Mo:mo

I don’t think anyone can be in an intercultural relationship–wait, no scratch that, I don’t think anyone could be friends–wait, scratch that too… I don’t think anyone can ever know in life a Nepali person and not have tried momos. Ohhhh, my mouth waters just thinking about them.

Tray of freshly made potato momos... folding momos is practically an art form, and everyone has their own style. This is mine... so at least if I can't speak Nepali, at least i have beautiful momos :)

Tray of freshly folded, but not yet steamed, potato momos... folding momos is practically an art form, and everyone has their own style. This is mine... so at least if I can't speak Nepali, I can earn some respect from beautiful momos

What the heck is a momo? 1) It’s delicious, 2) you can’t just eat momos by yourself…its a community oriented food–its easier to have a momo party and have your guests help with assembly (plus its more fun that way too!), and 3) its probably one of the most popular dishes in Nepal. According to my handy dandy Nepali cookbook, momos are “bite sized dumplings, filled with meat or vegetables, usually steamed, though they are sometimes fried.”

The cookbook goes on to describe their history, “The origin of momo is uncertain. Because this dish is popular among the Newar community of Kathmandu valley, one prevalent belief is that Newari traders brought them from Tibet. They modified the dish with local ingredients, such as water buffalo meat, and gave the dish a Nepali name. Others believe the dish was introduced to Nepali cuisine by Tibetans who settled in the mountains of Nepal.”

Yeah... I screenshot it...

Yeah... I screenshot it...

Wherever the origin, one thing is certain, I’ve never met a Nepali that wasn’t crazy about momos. In fact, if you do a search of Facebook you will find no fewer than seven groups/fanpages devoted to momos… one with 18,095 fans! Another one has nearly 3,500. When I typed in “chicken curry” it only had 1,600 fans. I think the facts speak for themselves…

As I mentioned, one thing that is particularly fun about momos is that it is a great food to eat when you are having a party. When we first moved, there used to be Friday night momo gatherings in the neighborhood all the time, and when P’s brother and cousins come to visit it makes for a fun and filling dinner. Frequently we have momos when we visit friends’ houses, and our friend S (remember him? P’s roommate from high school and the guy who went to college with him before he transfered over to me?) makes such amazingly spicy and delicious momos that I fear he might have ruined my momo palate for eating the real deal in Nepal.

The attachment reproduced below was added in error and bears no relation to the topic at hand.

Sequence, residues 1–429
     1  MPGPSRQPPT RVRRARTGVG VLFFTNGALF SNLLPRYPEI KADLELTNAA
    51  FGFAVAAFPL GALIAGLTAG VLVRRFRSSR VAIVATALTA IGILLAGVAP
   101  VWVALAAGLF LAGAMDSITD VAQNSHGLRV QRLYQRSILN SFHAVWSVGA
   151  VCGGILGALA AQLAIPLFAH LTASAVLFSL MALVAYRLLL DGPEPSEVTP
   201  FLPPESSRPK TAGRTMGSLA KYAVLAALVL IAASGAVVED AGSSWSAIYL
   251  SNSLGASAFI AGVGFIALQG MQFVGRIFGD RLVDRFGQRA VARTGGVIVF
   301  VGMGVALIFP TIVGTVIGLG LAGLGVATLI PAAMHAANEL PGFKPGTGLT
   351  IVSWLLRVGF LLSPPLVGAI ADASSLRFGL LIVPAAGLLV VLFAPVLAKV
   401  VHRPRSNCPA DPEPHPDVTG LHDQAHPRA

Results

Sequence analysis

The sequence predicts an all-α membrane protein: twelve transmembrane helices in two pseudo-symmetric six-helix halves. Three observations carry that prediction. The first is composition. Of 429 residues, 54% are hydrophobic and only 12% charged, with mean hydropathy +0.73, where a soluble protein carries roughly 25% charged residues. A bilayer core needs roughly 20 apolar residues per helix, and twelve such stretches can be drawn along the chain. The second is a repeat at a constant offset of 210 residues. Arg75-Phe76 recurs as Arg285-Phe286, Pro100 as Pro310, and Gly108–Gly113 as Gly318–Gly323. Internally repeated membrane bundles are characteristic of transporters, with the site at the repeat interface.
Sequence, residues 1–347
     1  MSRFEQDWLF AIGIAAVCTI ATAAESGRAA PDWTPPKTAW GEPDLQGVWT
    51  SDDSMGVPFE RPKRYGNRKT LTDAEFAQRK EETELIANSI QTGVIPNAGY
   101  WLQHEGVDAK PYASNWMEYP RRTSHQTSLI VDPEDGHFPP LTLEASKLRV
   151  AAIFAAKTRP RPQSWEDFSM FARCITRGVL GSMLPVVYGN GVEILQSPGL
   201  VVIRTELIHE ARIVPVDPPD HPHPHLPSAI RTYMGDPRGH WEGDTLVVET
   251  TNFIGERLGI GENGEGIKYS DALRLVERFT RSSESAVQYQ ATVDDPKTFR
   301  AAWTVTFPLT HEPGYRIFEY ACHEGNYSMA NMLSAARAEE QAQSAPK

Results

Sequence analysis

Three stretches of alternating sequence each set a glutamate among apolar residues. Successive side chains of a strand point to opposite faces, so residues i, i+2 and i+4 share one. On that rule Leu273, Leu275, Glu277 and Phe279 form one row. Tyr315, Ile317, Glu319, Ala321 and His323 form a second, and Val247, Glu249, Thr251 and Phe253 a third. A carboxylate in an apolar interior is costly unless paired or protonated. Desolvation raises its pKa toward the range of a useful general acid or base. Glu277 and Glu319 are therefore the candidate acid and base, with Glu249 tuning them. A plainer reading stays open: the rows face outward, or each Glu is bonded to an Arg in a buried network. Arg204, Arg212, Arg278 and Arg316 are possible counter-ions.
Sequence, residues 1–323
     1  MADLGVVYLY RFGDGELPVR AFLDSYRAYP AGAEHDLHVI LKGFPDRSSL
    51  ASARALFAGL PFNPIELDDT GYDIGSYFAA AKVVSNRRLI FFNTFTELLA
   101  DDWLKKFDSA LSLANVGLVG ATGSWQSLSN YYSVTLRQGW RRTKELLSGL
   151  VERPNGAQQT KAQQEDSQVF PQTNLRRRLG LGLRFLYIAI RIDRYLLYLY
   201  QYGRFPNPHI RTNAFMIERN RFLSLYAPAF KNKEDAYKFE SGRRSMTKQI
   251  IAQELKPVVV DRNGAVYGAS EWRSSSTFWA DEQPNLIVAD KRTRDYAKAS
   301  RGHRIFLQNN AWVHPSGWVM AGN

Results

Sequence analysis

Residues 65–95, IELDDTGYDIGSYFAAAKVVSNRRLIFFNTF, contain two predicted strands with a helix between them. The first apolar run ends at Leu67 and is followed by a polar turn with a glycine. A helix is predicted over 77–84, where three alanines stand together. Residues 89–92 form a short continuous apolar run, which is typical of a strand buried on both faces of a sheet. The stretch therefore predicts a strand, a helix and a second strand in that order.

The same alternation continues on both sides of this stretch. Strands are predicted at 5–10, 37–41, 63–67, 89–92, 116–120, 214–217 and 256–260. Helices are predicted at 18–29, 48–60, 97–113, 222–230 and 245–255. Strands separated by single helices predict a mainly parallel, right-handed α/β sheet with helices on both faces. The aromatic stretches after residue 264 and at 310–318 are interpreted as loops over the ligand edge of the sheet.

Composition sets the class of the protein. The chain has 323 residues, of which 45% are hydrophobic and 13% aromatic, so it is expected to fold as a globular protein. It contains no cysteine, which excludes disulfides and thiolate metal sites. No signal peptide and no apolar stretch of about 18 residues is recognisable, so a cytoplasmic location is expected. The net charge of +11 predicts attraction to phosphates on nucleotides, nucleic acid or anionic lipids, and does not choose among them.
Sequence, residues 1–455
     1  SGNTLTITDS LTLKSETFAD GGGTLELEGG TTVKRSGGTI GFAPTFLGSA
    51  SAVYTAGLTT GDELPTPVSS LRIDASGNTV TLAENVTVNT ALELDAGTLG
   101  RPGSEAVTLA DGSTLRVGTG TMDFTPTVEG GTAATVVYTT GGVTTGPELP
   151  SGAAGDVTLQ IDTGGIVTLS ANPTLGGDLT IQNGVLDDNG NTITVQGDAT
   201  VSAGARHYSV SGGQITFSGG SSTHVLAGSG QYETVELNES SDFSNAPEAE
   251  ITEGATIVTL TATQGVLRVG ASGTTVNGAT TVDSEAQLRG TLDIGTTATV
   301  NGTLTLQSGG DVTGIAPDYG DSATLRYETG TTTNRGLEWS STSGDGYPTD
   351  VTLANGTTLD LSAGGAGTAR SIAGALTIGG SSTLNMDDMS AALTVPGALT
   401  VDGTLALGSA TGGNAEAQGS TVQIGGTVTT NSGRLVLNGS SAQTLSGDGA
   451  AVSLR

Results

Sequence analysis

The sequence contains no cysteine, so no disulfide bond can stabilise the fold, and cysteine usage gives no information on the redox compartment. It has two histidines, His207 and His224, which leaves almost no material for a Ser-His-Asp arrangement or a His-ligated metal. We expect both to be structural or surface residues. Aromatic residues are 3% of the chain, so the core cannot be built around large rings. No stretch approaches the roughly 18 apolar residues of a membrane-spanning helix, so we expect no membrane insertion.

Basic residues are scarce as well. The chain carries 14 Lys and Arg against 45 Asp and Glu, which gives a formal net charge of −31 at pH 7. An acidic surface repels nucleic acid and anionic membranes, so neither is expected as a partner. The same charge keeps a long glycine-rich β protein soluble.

I was in northern India a few years ago, and I was able to get momos at certain restaurants, particularly in places with larger Tibetan and Nepali populations like Bodhgaya, Dharmsala, and some places in Uttaranchal, but 95% of my experience  has been with homemade momos in the US. I remember the momos in Bodhgaya and Dharmsala tasting really good, but nothing compared to the momos that we usually make at my house, let alone the out-of-this-world momos that S makes. So when P and I decided to go to Nepal for S’s wedding in June I was excited to taste Nepali momos at the epicenter of momo-dom. Unfortunately I was disappointed.

I should quickly explain before someone comes along and assaults me over this… I am a vegetarian, and I usually make a spicy potato, peas, garlic, onion filled momo (almost like a samosa filling). Most of the vegetable momos that I found in Kathmandu and Solukhumbu barely had any spice and were usually filled with cabbage. However I’ve been told that meat momos are superior and particularly delicious in Nepal. While I hesitate to acknowledge that meat tastes better, I’ve never tried it myself, I bet if going for “authenticity” I can see why P and friends enjoy a plate of momos from back home. Here in the US, they make momos with ground turkey, chicken, or pork, but back home you could have it with water buffalo (“buff” momo are quite popular), yak, or goat in addition to the ubiquitous chicken.

folding momos...

folding momos...

Anyway, I digress as usual… shall we consult the cookbook to get back to topic? Ah, yes… “family and friends often gather to spend a joyful, leisurely time preparing momos… though momo shaping is an art, requiring patience, even young children can learn to enjoy the job.” Momo gatherings are fun because everyone gets together, has to sit on the floor with table cloth or newspapers spread underneath, take a wrapper (we use wonton wrappers from the Vietnamese grocery store down the street), wet the edges, put a spoon full of momo filling, fold, and stick in the queue for steaming. Folding is pretty funny… people have their own style… some people wrap them in the half moon style that I favor (see above), other people make the circular style (like in this video), some make a pocket or pouch, and some make weird amoeba shapes that basically use any means necessary to get the wrapper closed (if this is you, don’t worry… I was definitely once at that stage!) When the momos are steamed sometimes you can tell whose handy work you are eating, and dinner conversation flows from there.

At the time of writing this one of our neighbors had borrowed our steamer, so this is actually a picture from the internet, but it looks something like this...

At the time of writing this post one of our neighbors had borrowed our steamer, so this is actually a picture from the internet, but ours looks something like this...